1. Written as Arthur Miller’s great middle finger to McCarthyism, The Crucible may have used religious mania as a metaphor for the “Red Scare”, but its themes and imagery are now practically literal, and unsettlingly close to the times we currently face. If 81% of Evangelicals support causes and individuals who undermine the bedrock of their self-proclaimed Christianity, a once-mainstream religion has lost its way through suspicion and hate. In his role as Reverend Hale, Kaleb Edward Edley does a commendable job representing the voice of religious tolerance and reason, only to be ignored by most as too dismissive of the influence of evil and the supernatural. While Judge Danforth (well-played by Richard Edward III), has the occasional moment of civility, and even (albeit ersatz) kindness, his, like those around him, is a cherry-picked religion, laser-focused on sin and punishment. The New Testament seems tangential, at best, in the reality inhabited by these characters, with grace and forgiveness mentioned infrequently, and usually wrapped within several layers of condemnation. One need only watch a few minutes of conservative religious television or read the philosophies of most mainstream Evangelical groups to see that a subculture of judgementalism and harsh theology comparable to that of the 1620s thrives in today’s interpretation of scripture. Though not every conservative religious congregation espouses hate, suspicion, and intolerance, that element is becoming more mainstream. (I won’t go off on a tangent, but will simply say that there are plenty of examples of “traditional” churches teaching hate from the pulpit, and they’re merely a YouTube search away.) The “witches” of Salem may now appear as the homeless, the poor, the LGBTQ community, or any other oppressed group under the thumb of archaic and backward religious beliefs. While we see several members of the community start out as decent, protective, neighbours, they soon descend to back-biting and accusations against one another, each claiming moral purity. As the play proceeds, especially in the second act, the social fabric of Salem dissolves as the audience watches, and a faux-Christian mob mentality takes over. Particularly effective in demonstrating this dissolution is Hunter Boyle, as Francis Nurse. When we first meet Nurse, he is a gruff, but reasonable man, the husband of Erica Tobolsky’s Rebecca Nurse, who may be the only woman in Salem who places the value of medicine and science over homespun theology. (Tobolsky, incidentally, does a masterful job of playing a woman literally centuries ahead of her time. Her commitment to the reality of the 1620s, while still presenting a modern face of religious tolerance, brings to mind a sort of John Pavlovitz-esque figure, railing against a growing communal intolerance, while attempting to actually follow the teachings of Christ. Kudos to Tobolsky for an exceptionally nuanced performance.) As the final scenes progress, we see Boyle devolve from a rustic-but-endearing rural husband to an anger-filled man determined to save his wife from what has become a theological kangaroo court. Far from just the Taliban and Westboro Baptist, similar examples of religious mob mentality and its destructive potential can be found throughout history, and Boyle’s angry-yet-resigned second act aura provides a chilling insight into what could, can, and has happened before. Eventually, through manipulation and a “creative” interpretation of Christianity, one is left with the idea that the extremists have managed to normalize a dystopian religion and culture.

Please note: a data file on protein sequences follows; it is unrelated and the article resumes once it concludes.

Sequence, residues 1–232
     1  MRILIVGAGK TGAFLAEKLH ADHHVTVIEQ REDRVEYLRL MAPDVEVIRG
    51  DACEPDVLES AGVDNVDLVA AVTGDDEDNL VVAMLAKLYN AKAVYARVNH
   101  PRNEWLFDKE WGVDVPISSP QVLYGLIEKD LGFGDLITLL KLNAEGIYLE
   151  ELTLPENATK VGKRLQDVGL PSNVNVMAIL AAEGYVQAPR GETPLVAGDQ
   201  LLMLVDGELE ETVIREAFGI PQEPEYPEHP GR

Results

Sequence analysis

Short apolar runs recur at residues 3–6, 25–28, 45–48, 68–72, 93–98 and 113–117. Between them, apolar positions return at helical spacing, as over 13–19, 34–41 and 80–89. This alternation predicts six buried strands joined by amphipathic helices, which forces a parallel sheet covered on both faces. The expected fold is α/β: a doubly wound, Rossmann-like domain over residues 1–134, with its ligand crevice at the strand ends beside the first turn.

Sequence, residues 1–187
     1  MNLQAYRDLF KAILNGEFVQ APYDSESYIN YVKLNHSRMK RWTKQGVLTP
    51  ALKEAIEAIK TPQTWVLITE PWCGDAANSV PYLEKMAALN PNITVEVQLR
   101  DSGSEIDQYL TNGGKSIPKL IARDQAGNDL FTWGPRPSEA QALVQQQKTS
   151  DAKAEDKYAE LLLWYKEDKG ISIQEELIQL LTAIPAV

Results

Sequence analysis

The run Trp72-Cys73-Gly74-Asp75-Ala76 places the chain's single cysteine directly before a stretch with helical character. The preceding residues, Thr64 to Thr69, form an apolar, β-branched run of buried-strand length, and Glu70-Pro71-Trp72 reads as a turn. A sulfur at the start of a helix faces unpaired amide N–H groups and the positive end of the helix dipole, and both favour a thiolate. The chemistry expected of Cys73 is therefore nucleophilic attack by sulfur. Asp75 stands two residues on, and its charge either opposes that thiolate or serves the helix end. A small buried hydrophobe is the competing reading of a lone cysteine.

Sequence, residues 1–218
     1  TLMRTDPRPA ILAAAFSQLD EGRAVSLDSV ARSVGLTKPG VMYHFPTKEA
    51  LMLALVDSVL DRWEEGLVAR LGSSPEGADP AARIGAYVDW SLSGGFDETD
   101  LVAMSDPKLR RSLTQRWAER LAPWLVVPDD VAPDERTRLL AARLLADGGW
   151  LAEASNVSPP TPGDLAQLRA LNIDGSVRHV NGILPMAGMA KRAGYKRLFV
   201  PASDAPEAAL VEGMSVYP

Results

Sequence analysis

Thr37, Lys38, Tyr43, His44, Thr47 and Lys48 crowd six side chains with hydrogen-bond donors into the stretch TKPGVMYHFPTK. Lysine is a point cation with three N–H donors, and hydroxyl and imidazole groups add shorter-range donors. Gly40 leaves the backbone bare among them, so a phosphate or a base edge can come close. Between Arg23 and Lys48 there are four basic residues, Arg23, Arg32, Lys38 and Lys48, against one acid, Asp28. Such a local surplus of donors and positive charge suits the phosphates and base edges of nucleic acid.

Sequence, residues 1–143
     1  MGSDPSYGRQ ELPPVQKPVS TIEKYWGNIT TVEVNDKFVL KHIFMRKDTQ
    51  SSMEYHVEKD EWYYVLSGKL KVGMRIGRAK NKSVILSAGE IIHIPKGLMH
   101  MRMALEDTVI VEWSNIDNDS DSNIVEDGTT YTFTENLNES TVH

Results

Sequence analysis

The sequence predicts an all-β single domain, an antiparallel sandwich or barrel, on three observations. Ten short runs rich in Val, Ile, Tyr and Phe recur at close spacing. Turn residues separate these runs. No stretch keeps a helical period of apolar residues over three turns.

2. It would be impossible to view the events of The Crucible without at least a perfunctory nod to the similarities between the political structure of Salem and that of 2018 America. An absolutist offshoot of Christianity has managed to gain control of the religion, Church and State are dangerously intertwined with each other, and women’s rights are under their greatest attack since the 1970s. An authoritarian regime of government has aligned itself with churchgoers of the darkest and most suspicious nature. Those of (or without) faith are shouted down, often with nonsensical rhetoric, and a vague militarization of faith has become vogue in conservative circles. In a simple, yet highly effective bit of outfitting, costumer Molly Morgan has dressed David Neil Edwards (who turns in a disturbingly accurate alt-right Ezekiel Cheever) in the quasi-military getup so favored by Tea Party types and Doomsday cult militia members. Most of all, the nature of truth and reality are constantly questioned, both by the script and the production. In a world in which “alternative facts” has become a household expression, one finds a particular apprehension at watching various women branded as witches and men as liars or scoundrels, when the truth (usually) is quite different. Reality as defined by those in power is not reality, be it in the 17th or 21st century. One may call dancing in the rain a Satanic ritual, but that doesn’t make it so, no matter how vehemently the authorities may insist.